What is behind the ‘unprecedented’ wildfires in California

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Monstrous fires ravaging California killed 19 people, destroyed at least 4,000 structures and burned more than 12,500 square kilometers (more than double the area of ​​Prince Edward Island), breaking records as the worst fire season in the history of the State.”This is an unprecedented event,” said Noah Diffenbaugh, professor and senior researcher at Stanford University in California, who has studied the risk of fire in California. “We now have the largest wildfire in state history, as well as the third and fourth largest and five in the Top 10.”

He said they all started within the past three and a half weeks. The North Complex fire in northern California, which erupted on August 17 as a result of lightning, became the largest wildland fire in state history.

So what is behind this disaster?

Diffenbaugh said there were several contributors behind any individual fire, including the ignition of lightning or humans and the availability of dry fuel to fuel the flames.

But research over the past 15 years shows that climate change has dramatically magnified the risk of many conditions that help wildfires ignite and spread.

“We now have very strong evidence from those years of research that global warming is, in fact, increasing the likelihood of unprecedented extremes,” Diffenbaugh said.

In one published study in the journal Environmental Research Letters in August, Diffenbaugh and colleagues reported that the number of high fire risk days in California had doubled since the early 1980s, as climate change increased average temperatures by about 1 ° C and fall precipitation decreased by 30%. . Higher temperatures result in earlier snowmelt, a longer fire season and drier vegetation, especially in August and September.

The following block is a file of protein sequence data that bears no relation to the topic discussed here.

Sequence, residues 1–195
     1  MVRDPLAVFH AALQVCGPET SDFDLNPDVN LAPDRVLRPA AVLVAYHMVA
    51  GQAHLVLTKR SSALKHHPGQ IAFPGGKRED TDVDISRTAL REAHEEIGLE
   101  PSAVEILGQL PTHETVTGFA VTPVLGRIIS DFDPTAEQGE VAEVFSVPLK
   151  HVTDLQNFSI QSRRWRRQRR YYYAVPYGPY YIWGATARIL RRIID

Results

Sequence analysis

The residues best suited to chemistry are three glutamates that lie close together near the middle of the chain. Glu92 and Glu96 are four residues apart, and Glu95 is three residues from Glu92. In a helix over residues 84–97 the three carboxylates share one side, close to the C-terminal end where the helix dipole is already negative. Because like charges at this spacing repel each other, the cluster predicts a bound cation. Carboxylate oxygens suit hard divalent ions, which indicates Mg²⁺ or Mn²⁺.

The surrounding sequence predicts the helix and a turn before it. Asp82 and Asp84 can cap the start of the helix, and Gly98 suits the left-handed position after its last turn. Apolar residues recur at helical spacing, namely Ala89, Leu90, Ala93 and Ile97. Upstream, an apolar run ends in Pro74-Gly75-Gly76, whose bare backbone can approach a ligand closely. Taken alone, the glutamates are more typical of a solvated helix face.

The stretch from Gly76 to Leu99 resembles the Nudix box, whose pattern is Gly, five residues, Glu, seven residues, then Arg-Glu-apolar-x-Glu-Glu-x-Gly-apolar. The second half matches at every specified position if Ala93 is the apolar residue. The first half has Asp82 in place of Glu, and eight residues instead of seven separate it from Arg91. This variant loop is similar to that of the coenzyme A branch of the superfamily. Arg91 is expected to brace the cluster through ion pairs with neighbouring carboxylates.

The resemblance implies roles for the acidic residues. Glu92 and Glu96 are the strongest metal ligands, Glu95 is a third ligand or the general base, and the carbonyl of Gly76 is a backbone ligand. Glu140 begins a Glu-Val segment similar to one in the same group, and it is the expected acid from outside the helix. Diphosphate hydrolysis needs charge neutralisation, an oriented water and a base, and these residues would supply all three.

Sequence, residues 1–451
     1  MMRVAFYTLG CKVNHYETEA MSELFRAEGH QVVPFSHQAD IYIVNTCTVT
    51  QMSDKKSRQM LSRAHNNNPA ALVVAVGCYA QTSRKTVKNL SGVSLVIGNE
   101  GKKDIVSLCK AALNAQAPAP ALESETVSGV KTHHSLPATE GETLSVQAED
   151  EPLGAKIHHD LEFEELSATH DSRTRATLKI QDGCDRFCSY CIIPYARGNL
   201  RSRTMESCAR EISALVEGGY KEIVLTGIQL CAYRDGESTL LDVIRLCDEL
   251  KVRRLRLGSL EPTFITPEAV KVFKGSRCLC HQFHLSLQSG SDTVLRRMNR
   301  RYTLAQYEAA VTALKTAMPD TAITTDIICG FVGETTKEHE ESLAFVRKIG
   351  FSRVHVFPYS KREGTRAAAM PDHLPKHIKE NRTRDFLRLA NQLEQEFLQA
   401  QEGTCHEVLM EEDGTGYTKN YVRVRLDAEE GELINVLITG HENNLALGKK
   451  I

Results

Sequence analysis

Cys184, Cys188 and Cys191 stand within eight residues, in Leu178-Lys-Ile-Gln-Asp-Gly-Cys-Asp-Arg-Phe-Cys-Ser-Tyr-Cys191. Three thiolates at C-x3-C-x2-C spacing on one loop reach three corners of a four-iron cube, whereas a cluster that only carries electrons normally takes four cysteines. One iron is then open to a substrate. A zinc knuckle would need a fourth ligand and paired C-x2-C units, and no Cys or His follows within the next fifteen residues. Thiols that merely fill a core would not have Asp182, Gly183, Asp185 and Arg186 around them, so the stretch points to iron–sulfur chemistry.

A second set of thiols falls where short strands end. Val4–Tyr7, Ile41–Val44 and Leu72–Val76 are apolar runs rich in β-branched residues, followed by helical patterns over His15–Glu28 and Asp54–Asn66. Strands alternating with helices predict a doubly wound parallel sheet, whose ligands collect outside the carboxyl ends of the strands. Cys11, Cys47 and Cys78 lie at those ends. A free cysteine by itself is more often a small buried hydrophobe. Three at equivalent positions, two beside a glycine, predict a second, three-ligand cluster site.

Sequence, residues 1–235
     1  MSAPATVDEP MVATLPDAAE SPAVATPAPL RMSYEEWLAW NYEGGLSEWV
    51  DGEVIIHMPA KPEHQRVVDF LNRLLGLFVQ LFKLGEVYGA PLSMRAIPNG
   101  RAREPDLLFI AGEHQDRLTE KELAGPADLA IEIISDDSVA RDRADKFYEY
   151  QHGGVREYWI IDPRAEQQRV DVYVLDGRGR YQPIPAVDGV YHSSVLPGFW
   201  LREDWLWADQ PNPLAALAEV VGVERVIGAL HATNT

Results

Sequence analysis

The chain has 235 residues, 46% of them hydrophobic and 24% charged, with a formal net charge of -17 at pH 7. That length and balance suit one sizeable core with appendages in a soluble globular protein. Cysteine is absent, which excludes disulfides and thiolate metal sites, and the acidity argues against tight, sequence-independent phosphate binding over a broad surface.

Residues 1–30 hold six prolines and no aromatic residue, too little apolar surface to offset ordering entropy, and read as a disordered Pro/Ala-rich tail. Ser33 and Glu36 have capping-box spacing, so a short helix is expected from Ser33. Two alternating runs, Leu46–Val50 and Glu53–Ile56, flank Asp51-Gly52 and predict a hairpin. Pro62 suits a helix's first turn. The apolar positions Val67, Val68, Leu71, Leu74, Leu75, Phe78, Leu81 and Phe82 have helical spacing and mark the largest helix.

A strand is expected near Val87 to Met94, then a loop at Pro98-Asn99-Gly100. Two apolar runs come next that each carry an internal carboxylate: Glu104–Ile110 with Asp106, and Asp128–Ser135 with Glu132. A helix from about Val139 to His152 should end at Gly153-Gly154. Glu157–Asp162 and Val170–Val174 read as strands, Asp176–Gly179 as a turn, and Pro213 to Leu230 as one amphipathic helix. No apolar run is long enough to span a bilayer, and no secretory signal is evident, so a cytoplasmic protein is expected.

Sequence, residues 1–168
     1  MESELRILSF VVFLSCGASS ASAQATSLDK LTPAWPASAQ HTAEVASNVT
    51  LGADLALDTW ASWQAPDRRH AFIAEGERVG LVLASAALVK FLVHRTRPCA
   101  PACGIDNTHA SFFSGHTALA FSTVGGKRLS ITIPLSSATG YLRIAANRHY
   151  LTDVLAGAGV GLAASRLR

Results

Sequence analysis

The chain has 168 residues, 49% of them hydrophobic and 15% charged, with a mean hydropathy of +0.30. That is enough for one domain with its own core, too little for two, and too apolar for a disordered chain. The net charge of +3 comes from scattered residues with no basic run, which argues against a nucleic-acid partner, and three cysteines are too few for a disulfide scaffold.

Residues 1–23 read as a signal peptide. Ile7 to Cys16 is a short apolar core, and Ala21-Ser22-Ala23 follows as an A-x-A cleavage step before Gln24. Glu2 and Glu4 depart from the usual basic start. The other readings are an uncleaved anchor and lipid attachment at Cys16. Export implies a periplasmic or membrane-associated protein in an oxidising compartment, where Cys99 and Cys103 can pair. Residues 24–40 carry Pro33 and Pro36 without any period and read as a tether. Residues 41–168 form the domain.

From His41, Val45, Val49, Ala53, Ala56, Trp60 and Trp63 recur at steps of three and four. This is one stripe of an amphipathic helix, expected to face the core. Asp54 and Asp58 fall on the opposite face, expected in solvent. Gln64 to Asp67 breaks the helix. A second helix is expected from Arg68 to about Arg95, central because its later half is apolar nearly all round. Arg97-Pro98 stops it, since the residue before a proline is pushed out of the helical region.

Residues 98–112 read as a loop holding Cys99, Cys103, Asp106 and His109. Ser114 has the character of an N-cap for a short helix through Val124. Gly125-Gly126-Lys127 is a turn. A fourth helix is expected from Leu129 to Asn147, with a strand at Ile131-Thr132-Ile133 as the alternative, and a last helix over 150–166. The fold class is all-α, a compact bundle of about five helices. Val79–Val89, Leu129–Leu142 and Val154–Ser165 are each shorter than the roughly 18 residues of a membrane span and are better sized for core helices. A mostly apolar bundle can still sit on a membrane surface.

This higher risk has helped increase the area burned in the western part of the United States tenfold over the past four decades, Diffenbaugh said.

Not only are fires more frequent, but they grow faster, he said.

“The brave men and women on the ground fighting these fires describe an unprecedented rate of spread in their years of experience,” he said, noting that the record-breaking fire at the North Complex has traveled 32 kilometers in one night.

WATCH | Wildfires devastate parts of the western United States:

More than 200 wildfires ravaging the western United States have killed at least eight people and caused catastrophic damage. 1:45

Research also suggests that this year’s new records will soon be broken by even more extreme wildfire seasons.

“If global warming continues on its current course, we will most likely experience a dramatic intensification – doubling or even tripling the frequency of occurrence of these extreme forest fire weather,” Diffenbaugh said.

Western Canada also faces a fiery future

These conditions are not unique to California, as devastating wildfires are also burning in Oregon and Washington state.

“We have a lot of evidence that this global warming increases the risk not only in California and the western United States, but also in western Canada,” Diffenbaugh said.

Western Canada has experienced a slow wildfire season so far this year after a few record seasons in recent years, including one whose destructiveness has been directly linked to climate change.

However, after more than 70 forest fires erupted in southern British Columbia for two days in August, officials warned that prolonged hot, dry weather could lead to more, and fire bans have been imposed across a wide swath of Alberta.